With eBPF, however, developers and IT engineers can run kernel-mode programs that are easy to write -- when using an eBPF development framework, at least, as explained below -- and easy to deploy.
In addition, eBPF sandboxes programs, which virtually eliminates the potential security and stability risks from deploying a buggy eBPF program. Also, eBPF programs are efficient from a resource-consumption perspective, which means they add minimal resource overhead to the host system.
Writing eBPF programs
An eBPF program runs as bytecode. IT pros can write bytecode directly, but it's much easier to write eBPF programs using development frameworks like bcc or bpftrace. These frameworks enable coders to write eBPF programs in high-level languages, then compile the programs into bytecode automatically.
These development utilities are part of the reason why eBPF's use has grown in recent years, even though BPF has been around for decades. BPF was never very practical to use, but that's not the case with eBPF, which is built into the Linux kernel and supported by excellent development tooling.
Monitoring and observability with eBPF
An eBPF program supports a variety of use cases, such as security and reliability engineering. However, one of its most valuable use cases is for monitoring and observability.
In this context, eBPF makes it possible to collect system performance and reliability data with a degree of precision and granularity that is impossible with user-mode tools. With eBPF, teams that use eBPF can monitor on a process-by-process basis which packets are flowing where, which files are open or how much disk space is in use, for example.
Historically, to get this type of process-specific data was challenging. Admins could use tools like tcpdump to monitor packets or lsof to track open files. But tracing this data to individual processes was difficult, especially without the help of special kernel modules. With eBPF, admins can collect this type of data in commands that are as short as a single line.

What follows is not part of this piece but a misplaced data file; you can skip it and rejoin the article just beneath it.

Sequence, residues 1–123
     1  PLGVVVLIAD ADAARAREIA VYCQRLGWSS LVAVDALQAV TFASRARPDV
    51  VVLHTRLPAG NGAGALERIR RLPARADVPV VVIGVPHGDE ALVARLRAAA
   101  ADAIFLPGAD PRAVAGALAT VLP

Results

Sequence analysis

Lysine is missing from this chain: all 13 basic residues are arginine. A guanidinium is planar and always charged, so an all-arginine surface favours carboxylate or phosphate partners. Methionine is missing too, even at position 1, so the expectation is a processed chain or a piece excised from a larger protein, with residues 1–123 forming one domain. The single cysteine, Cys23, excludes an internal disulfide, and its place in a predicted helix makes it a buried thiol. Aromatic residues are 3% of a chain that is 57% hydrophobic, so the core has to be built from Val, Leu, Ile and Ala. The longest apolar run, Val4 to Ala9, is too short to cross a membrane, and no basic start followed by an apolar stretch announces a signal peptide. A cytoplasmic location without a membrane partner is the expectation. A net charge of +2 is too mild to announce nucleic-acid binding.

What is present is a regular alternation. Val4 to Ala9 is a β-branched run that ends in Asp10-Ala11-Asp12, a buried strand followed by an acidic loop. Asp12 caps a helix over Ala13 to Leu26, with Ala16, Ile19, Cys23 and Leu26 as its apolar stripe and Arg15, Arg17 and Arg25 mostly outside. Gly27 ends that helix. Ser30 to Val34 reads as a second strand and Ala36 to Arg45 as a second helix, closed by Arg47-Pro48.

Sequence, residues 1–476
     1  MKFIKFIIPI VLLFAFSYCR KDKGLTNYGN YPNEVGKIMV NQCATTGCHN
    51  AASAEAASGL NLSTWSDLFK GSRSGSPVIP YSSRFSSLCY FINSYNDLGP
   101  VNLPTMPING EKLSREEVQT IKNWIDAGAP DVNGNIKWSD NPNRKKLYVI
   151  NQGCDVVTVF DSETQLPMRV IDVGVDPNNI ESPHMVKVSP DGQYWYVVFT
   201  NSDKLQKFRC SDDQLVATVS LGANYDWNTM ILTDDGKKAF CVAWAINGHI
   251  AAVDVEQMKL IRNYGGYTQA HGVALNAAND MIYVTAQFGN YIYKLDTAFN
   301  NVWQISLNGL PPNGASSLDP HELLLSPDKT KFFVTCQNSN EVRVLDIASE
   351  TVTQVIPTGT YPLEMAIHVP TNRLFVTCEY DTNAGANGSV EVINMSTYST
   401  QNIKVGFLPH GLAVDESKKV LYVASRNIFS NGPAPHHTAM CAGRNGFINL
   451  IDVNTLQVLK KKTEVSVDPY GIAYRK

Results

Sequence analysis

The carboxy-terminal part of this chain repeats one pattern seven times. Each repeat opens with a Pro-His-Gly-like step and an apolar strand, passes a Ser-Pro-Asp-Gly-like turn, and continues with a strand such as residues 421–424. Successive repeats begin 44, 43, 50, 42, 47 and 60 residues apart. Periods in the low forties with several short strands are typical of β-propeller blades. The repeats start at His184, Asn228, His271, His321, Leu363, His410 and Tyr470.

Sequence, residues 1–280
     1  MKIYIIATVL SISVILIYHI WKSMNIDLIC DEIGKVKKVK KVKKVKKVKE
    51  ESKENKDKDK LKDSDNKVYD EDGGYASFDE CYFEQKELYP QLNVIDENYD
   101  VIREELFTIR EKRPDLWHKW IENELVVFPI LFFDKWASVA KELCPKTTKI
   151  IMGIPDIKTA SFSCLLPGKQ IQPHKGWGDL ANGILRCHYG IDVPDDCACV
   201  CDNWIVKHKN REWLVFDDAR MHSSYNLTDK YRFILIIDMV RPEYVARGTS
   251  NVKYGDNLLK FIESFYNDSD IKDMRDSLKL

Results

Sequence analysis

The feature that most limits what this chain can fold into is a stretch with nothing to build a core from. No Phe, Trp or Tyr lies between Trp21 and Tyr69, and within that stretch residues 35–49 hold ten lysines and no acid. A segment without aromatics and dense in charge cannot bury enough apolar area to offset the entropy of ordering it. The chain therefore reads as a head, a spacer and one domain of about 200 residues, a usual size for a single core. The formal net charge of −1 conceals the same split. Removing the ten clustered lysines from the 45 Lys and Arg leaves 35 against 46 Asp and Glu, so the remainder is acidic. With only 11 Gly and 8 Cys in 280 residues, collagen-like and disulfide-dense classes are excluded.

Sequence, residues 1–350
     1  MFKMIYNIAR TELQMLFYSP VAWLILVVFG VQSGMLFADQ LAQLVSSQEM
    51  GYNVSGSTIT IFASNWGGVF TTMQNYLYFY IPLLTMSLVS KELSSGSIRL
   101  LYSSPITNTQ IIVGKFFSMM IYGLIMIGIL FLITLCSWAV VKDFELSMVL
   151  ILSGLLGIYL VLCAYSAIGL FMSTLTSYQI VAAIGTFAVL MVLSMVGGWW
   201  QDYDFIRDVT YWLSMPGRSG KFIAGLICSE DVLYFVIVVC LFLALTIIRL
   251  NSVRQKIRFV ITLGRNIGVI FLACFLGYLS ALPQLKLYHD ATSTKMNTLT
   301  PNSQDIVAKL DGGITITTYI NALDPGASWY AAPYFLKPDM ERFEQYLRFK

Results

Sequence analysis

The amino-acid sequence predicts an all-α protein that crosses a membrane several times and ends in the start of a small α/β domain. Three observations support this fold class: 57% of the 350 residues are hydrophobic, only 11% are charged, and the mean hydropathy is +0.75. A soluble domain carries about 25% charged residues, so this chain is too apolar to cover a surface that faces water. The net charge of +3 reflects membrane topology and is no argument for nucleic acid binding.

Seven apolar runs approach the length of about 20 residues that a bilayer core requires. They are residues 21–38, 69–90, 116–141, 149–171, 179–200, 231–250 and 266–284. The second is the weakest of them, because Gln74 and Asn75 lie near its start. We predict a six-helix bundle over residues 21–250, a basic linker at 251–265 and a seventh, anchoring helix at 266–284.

Without eBPF, the best that admins could typically hope to achieve with monitoring and observability data was to detect unusual trends, such as a spike in network traffic. The process to trace those trends to the associated individual process to find the root cause was much more difficult -- especially if the process in question didn't expose metrics that monitoring and observability tools could ingest.
High-level applications, like a web server, usually expose such metrics; it's not too hard to determine the root cause of a performance issue in a high-level application. But what if the problem stems from a bug or configuration issue in a low-level resource, such as a network socket? Before eBPF, gaining visibility into the Linux kernel's dark corners was a significant challenge.
With eBPF, however, it is easy to get granular performance data from any process within a Linux system.
The eBPF utility doesn't solve every problem under the sun. It works only on Linux, so it's of no help for monitoring Windows-based environments. At time of publication, admins need root access to use most of its features. And while tools like bpftrace and bcc make it relatively easy to write and deploy eBPF programs, they are still maturing.